In the previous blog post, in this series we blindly imported the entire project into git and pushed up to github. Having a good source control tool for the next few steps is crucial. There will certainly be times when you get an hour into refactoring, decide you’ve made a terrible mistake and need to back out. If you’re using git and committing regularly then getting out of dodge shouldn’t be a big ordeal.
Now that we have the source control set up, we can start figuring out what our next steps are going to be. I won’t worry too much about outlining what the solutions are in this post but I will attempt to identify problems. The remaining parts of the series will cover what actions we can take to improve our situation.
Third Party Components
It looks like there might be some third party dependencies in the project. Just looking at the included DLLs I found:
The version numbers on these suggest that they’re pretty old. There is nothing wrong as a whole with old packages but I’m always keen on updating packages because of potential security holes. Hopefully these packages will just be drop in upgrades without any need for fixes. I do seem to remember that there was a breaking change to the log4net API that caused some complaints the time. That may need more work. We’ll add it to the list of tasks.
There also seems to be a copy of jQuery and jQuery UI as well as a couple of other jQuery plugins. There are, in fact, 3 copies of various versions of jQuery, I’m not sure which is used so we should try to reduce that to just one version – probably a recent one.
We’ll put adding a master page and hooking it into all the other pages as a task.
If you start a new WebForms project you’ll see that the pages that come out of the box have three parts:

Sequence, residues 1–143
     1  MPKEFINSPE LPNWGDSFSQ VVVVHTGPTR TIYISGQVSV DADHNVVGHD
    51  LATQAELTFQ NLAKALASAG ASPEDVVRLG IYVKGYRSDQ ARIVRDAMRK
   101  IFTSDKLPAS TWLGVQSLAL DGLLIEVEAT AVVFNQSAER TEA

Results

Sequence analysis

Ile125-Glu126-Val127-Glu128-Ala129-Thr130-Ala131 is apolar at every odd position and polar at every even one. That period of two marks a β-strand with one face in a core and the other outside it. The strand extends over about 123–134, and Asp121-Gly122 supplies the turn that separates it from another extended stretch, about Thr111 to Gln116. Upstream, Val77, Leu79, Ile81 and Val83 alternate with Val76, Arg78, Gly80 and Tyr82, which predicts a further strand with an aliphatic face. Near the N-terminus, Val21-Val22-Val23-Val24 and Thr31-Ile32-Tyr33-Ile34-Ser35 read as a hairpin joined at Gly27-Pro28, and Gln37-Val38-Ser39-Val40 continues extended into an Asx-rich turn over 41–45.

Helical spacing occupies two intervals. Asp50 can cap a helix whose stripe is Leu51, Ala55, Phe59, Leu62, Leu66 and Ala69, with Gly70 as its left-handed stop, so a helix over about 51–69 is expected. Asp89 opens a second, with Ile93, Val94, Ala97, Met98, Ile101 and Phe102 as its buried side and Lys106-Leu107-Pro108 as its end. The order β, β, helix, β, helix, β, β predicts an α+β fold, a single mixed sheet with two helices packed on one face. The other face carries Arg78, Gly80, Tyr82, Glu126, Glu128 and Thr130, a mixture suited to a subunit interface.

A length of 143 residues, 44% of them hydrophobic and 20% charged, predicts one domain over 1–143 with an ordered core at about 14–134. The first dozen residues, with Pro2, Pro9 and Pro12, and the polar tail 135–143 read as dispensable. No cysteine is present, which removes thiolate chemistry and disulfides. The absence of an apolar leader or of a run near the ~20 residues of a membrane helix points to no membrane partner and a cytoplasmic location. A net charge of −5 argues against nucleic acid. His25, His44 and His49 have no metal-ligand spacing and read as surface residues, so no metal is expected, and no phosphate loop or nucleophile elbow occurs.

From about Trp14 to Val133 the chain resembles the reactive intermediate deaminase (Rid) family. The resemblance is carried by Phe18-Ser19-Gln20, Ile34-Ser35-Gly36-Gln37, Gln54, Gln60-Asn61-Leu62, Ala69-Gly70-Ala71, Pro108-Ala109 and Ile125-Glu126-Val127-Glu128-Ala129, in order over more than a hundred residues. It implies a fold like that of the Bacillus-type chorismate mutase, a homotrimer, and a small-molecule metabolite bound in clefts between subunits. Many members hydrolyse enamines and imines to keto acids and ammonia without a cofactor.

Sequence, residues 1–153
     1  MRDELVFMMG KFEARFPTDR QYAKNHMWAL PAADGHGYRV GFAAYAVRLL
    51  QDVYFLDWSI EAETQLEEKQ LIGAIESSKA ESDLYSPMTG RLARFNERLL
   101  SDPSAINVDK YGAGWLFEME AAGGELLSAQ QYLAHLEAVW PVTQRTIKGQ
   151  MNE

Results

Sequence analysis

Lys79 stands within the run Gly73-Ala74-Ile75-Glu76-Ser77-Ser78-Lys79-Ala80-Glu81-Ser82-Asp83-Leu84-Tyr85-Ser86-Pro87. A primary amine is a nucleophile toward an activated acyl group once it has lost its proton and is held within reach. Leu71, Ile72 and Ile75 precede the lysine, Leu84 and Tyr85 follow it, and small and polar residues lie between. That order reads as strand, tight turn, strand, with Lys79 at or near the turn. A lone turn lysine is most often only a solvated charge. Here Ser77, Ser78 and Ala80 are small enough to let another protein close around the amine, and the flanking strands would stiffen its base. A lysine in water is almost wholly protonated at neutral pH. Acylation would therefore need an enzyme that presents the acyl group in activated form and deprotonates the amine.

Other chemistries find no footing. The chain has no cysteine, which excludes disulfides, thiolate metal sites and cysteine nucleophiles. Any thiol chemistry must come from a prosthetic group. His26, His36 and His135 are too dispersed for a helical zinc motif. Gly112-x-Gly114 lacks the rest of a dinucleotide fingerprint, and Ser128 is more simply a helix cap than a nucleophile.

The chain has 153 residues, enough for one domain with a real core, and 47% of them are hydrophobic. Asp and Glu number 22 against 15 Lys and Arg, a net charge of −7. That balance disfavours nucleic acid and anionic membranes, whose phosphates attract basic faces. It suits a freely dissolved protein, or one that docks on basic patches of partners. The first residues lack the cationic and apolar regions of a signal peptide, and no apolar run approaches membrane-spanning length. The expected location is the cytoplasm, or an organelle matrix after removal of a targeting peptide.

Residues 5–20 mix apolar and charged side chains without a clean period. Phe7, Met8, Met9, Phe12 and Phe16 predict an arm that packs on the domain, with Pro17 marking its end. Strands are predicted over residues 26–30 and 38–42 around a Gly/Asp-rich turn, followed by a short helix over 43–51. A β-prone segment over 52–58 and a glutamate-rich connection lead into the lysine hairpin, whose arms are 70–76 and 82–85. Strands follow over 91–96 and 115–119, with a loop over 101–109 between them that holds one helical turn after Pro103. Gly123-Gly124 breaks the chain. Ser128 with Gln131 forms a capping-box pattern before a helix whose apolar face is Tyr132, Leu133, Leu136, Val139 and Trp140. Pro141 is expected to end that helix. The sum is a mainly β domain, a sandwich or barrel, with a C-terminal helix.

- aspx – This is the HTML portion of the page. I like to think of it as containing all the presentation code.
- aspx.designer – This automatically generated file contains the definitions of any controls from the .aspx page that have runat=server set on them.
- aspx.cs – The other half of the partial class defined in the designer file. This file contains any of your own logic. I like to think of is as a controller. (Everything in my brain is related to MVC, MVP or MVVM.)
This division of logic and presentation is pretty loose in WebForms. The ease of mixing up presentation and business logic between these files is one of the reasons I don’t like WebForms. You _can_ write good, well separated, testable WebForms but, by Thor’s nostril hair, it is hard.
The pages in BugTracker.Net contain all these parts in a single file. To be honest I didn’t even know you could do that. In my mind this is a big problem. We need to, at the very least, split up the single files into the standard triple of files. This will make testing easier as well as refactoring and even distribution.
There are limited namespaces in the project. Namespaces are used to organize code into logical groups. They make it easier to reference one part of code from another and, shoudl it be needed, provide logical places to split the project into several projects.
On to the list with you, code reorganization.
I figure an application like this must have some database behind it. So I set out to figure out how it works. I randomly selected a .aspx file and looked through for anything resembling data access. I found something pretty quickly
sql = "update bugs set bg_short_desc = N'$sd', bg_tags = N'$tags', bg_project = $pj, bg_org = $og, bg_category = $ct, bg_priority = $pr, bg_assigned_to_user = $au, bg_status = $st, bg_last_updated_user = $lu, bg_last_updated_date = @now, bg_user_defined_attribute = $udf $pcd_placeholder $custom_cols_placeholder where bg_id = $id end select @now"; sql = sql.Replace("$sd", short_desc.Value.Replace("'","''")); sql = sql.Replace("$tags", tags.Value.Replace("'", "''")); sql = sql.Replace("$lu", Convert.ToString(security.user.usid)); sql = sql.Replace("$id", Convert.ToString(id)); sql = sql.Replace("$pj", new_project); sql = sql.Replace("$og", org.SelectedItem.Value); sql = sql.Replace("$ct", category.SelectedItem.Value); sql = sql.Replace("$pr", priority.SelectedItem.Value); sql = sql.Replace("$au", assigned_to.SelectedItem.Value); sql = sql.Replace("$st", status.SelectedItem.Value); sql = sql.Replace("$udf", udf.SelectedItem.Value); sql = sql.Replace("$snapshot_datetime", snapshot_timestamp.Value); ... DateTime last_update_date = (DateTime) btnet.DbUtil.execute_scalar(sql); ... foreach (DataRow drcc in ds_custom_cols.Tables.Rows)